Financial advisors will tell you that preparing for a secure retirement should begin early in your career, and if not early, then now. Athletic coaches know that good preparation is the key to winning. Similarly, early and sound preparation is essential to your school leadership career, and that includes your education and where you attend graduate school. If you are considering enrolling in a school leadership graduate and/or certification program, you should think about attending the most prestigious university in your area. I understand that tuition costs and commuting long distances are serious concerns. However, a degree or a doctorate from a place like Columbia Teachers College, or even NYU or Fordham, will go a long way in making you a highly attractive candidate in the most desirable and best paying school districts.

Another major component is your accomplishments. Serving on a committee, chaperoning school dances, and participating in the PTA sponsored fashion show, although good things to do, should not be confused with significant professional accomplishments. Accomplishments may include: initiating a new course or program that addresses student needs; chairing an important committee, writing a report, and doing a Board and/or community presentation; winning a prestigious award or gaining community, professional, and/or student recognition; writing and being awarded a significant grant.

Of course, preparation must also include preparing an effective resume, and preparing for job interviews. A great resume requires meticulous crafting and editing. It must be tweaked to make it better and better. Giving a great interview means constructing and delivering a compelling narrative that goes beyond what’s on your resume and letting the interviewers know who you are. Seriously consider getting quality coaching and feedback from a knowledgeable and experienced coach in order to prepare a great resume and giving a winning interview. Just blundering through the search process is a formula for failure. Instead, you must design strategies that are tried and tested and will successfully work.


Persistence means you stick with it; you must be determined and diligent. Over the course of my career in public education I could have wall papered every inch of wall space of my living room with letters of rejection from school districts in four different states. I was runner up in scores of jobs. It took me 24 years from the time I got my doctorate until I got my dream job. I jokingly say that I was an “overnight success”. It is terribly disappointing and demoralizing to repeatedly experience rejection. Nevertheless, if you are determined to achieve your career goal, you must be persistent in your belief and your actions. If you are not getting interviews, enhance your qualifications. Chalk up impressive experiences and accomplishments. Become a summer school or evening school principal. Volunteer for important and difficult assignments. Re-write your resume. Have a career coach review your resume and suggest changes. Once you get more interviews, reflect upon and diagnose why you came up short. Adjust your responses to often asked questions. Again, work with a career coach to hone your interviewing skills and strategize your answers.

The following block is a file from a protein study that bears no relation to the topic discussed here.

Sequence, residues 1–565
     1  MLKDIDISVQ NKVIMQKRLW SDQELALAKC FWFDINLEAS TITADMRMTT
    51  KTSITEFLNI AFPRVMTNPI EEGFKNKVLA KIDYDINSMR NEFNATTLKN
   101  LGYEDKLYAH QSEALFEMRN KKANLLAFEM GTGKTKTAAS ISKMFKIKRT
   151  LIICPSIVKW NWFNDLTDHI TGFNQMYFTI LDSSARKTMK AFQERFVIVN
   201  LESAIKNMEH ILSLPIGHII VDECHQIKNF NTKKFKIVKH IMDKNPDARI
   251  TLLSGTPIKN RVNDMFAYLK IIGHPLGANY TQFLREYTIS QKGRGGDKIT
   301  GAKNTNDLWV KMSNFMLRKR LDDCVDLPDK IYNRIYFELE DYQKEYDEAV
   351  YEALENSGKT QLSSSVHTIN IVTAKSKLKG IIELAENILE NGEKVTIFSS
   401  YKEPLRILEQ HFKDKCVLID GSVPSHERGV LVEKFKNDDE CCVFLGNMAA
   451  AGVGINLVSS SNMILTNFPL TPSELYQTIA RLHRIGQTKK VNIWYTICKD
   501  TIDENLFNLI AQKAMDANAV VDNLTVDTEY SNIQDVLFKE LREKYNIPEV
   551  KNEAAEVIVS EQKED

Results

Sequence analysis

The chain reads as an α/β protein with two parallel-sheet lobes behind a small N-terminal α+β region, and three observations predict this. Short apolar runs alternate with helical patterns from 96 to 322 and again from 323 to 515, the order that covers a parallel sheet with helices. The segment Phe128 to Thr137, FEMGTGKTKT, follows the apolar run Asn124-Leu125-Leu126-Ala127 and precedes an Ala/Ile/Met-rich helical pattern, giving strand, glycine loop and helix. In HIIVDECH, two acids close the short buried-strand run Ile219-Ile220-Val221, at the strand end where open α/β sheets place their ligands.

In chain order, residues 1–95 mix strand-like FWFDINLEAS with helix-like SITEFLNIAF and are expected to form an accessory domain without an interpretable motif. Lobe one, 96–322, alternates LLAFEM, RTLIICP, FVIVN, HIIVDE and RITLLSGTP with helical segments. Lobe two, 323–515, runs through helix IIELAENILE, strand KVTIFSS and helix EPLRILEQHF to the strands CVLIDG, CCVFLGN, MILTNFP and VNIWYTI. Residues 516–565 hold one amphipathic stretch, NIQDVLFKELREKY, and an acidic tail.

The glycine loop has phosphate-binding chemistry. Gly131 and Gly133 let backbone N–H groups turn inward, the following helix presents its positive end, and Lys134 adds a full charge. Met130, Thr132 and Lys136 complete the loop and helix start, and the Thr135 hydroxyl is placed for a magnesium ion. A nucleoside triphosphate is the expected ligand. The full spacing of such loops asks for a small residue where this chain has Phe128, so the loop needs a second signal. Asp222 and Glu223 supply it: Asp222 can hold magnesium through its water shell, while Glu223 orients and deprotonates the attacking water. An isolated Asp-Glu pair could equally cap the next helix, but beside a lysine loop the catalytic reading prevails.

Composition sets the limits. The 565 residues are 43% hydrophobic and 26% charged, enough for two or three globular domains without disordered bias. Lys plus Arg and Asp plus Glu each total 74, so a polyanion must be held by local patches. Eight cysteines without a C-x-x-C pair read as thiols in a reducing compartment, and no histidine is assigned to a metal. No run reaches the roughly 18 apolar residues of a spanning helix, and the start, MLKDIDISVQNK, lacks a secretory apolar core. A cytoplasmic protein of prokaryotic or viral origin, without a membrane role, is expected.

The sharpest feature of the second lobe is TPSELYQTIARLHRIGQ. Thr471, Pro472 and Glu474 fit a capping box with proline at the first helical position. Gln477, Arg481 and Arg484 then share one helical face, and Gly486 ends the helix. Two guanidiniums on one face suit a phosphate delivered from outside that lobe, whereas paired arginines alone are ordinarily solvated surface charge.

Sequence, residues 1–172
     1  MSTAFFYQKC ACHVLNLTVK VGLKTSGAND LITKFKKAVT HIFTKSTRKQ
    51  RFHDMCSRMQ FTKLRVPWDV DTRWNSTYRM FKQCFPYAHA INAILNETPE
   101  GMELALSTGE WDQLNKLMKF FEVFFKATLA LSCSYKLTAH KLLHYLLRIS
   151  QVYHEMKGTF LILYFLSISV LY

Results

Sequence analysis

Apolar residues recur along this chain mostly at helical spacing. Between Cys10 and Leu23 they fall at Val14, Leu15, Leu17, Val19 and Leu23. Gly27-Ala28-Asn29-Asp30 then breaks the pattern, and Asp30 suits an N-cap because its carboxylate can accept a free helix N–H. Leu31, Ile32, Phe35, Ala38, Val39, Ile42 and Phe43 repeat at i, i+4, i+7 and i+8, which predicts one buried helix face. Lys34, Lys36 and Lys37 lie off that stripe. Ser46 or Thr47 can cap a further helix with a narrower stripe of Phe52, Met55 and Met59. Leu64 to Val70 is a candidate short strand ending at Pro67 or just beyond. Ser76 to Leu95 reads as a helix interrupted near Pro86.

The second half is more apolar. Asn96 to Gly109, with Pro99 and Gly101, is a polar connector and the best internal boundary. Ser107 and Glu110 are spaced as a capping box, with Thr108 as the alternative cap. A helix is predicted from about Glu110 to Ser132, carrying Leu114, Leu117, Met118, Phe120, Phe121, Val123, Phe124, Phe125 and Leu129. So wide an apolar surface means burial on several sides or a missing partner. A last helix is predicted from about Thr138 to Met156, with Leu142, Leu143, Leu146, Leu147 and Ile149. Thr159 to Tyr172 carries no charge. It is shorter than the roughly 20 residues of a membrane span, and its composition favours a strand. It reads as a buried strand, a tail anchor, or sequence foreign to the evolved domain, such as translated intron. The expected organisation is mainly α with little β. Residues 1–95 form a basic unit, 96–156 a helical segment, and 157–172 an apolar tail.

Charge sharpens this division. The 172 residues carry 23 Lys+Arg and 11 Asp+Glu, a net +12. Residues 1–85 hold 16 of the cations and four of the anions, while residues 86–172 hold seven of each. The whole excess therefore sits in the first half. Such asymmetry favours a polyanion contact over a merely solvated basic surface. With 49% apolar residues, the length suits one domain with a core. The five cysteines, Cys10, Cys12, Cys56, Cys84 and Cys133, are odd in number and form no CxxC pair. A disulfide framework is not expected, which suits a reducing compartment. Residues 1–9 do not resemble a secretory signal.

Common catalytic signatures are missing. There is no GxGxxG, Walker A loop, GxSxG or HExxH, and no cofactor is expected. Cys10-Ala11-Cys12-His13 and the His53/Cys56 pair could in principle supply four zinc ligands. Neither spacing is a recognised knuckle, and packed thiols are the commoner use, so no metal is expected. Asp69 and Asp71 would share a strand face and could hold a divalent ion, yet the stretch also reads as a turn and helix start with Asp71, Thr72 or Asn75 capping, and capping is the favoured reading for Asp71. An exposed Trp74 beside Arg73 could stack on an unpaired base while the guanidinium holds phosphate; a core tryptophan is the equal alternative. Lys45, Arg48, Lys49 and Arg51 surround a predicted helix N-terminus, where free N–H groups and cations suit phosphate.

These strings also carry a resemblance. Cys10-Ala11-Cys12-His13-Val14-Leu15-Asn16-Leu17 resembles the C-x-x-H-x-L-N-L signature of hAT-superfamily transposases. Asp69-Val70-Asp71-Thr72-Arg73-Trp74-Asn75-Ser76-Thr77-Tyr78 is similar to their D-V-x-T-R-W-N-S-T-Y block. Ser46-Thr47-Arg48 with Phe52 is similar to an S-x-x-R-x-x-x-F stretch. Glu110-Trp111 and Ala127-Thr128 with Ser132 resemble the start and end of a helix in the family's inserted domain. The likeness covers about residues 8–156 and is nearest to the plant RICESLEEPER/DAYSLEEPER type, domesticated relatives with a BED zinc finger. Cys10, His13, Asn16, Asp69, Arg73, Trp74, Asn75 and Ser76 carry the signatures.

Job seeking is not a 100-yard dash. It is usually a marathon. It requires patience and endurance. You must believe in yourself. Your mantra should be, “Sooner or later, my time will come.” When it does come, I predict it will come effortlessly.

Dr. Aronstein is a career coach who works one-on-one with leaders and aspiring leaders in their preparation of resumes and preparing for interviews. You can purchase his ebook:

Learn more about Dr. Aronstein by visiting his website:


Here is a list of words and phrases you should never use on your resume or during an interview; why you shouldn’t use them; and what to say instead:

1. “UNEMPLOYED”—It makes you sound like a loser and nobody wants to hire a loser. Let potential employers figure out that you are “between jobs” and be prepared to explain what happened.

2. “HARDWORKING”—The word is over-used and therefore trite. Instead, provide accomplishments that document your work ethic and diligence and let the interviewer conclude that you’re hardworking.